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John Keats
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Welcome Joy, and Welcome Sorrow
by John Keats (1818).

                                           "Under the flag
Of each his faction, they to battle bring
Their embryo atoms."

Welcome joy, and welcome sorrow,
    Lethe's weed and Hermes' feather;
Come to-day and come to-morrow,
    I do love you both together!

    I love to mark sad faces in fair weather;
And hear a merry laugh amid the thunder;
    Fair and foul I love together:
Meadows sweet where flames are under,
And a giggle at a wonder;
Visage sage at pantomime;
Funeral, and steeple-chime;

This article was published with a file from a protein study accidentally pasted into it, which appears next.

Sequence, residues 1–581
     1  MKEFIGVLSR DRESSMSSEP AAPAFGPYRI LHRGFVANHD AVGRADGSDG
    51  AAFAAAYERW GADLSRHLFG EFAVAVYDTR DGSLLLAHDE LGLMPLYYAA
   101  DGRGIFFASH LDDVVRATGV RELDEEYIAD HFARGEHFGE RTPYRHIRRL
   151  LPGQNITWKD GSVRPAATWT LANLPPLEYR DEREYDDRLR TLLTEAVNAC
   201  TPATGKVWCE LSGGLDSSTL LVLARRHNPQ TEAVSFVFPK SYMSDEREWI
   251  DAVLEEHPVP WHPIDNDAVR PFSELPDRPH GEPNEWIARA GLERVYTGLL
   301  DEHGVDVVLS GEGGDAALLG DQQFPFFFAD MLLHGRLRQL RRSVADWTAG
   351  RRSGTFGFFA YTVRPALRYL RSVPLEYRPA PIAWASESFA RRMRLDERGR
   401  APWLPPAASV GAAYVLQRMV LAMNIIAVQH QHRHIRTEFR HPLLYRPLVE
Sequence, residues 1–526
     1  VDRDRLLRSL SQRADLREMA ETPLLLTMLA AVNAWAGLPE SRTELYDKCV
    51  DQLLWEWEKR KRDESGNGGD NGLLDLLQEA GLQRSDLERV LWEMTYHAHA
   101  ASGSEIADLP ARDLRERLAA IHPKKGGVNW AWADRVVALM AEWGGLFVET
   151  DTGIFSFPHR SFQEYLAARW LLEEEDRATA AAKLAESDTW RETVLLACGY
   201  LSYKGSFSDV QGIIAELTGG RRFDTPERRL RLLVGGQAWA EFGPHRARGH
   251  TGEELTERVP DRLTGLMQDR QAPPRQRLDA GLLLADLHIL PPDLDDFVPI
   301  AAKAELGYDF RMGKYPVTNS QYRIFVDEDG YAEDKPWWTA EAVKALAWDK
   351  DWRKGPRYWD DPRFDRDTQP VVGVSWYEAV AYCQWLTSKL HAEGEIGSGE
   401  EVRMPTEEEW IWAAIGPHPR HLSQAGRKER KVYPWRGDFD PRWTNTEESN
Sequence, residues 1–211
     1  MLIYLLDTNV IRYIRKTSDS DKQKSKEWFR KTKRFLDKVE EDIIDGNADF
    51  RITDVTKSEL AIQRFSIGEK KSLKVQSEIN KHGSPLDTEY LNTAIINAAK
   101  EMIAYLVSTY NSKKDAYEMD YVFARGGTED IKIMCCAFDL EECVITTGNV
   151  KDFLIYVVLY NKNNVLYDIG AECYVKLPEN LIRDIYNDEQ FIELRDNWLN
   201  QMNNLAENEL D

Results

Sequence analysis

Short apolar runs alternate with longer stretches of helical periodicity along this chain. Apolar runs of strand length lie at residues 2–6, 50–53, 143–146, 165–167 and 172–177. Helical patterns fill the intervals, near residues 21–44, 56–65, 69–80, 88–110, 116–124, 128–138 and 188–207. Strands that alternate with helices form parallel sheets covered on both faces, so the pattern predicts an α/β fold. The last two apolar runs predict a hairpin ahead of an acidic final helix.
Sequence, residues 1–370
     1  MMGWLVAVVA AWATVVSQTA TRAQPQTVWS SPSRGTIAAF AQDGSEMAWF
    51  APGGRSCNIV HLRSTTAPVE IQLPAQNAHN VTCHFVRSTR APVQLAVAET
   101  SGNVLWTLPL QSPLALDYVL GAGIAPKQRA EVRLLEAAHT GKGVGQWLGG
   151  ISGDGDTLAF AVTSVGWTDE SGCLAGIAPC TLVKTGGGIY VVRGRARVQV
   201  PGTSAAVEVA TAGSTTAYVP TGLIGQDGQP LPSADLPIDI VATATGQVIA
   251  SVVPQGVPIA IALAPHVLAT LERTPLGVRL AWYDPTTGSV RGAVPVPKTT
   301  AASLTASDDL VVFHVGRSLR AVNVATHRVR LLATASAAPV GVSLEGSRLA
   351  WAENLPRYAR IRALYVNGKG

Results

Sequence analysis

Infant playing with a skull;
Morning fair, and shipwreck'd hull;
Nightshade with the woodbine kissing;
Serpents in red roses hissing;
Cleopatra regal-dress'd
With the aspic at her breast;
Dancing music, music sad,
Both together, sane and made;
Muses bright and muses pale;
Sombre Saturn, Momus hale;—
Laugh and sigh, and laugh again;
Oh! the sweetness of the pain!
Muses bright and muses pale,
    Bare your faces of the veil;
Let me see; and let me write
    Of the day and of the night—
Both together:—let me slake
    All my thirst for sweet heart-ache;
Let my bower be of yew,
    Interwreath'd with myrtles new;
    Pines and lime-trees full in bloom
And my couch a low grass-tomb.

PAGE 1 OF 1.

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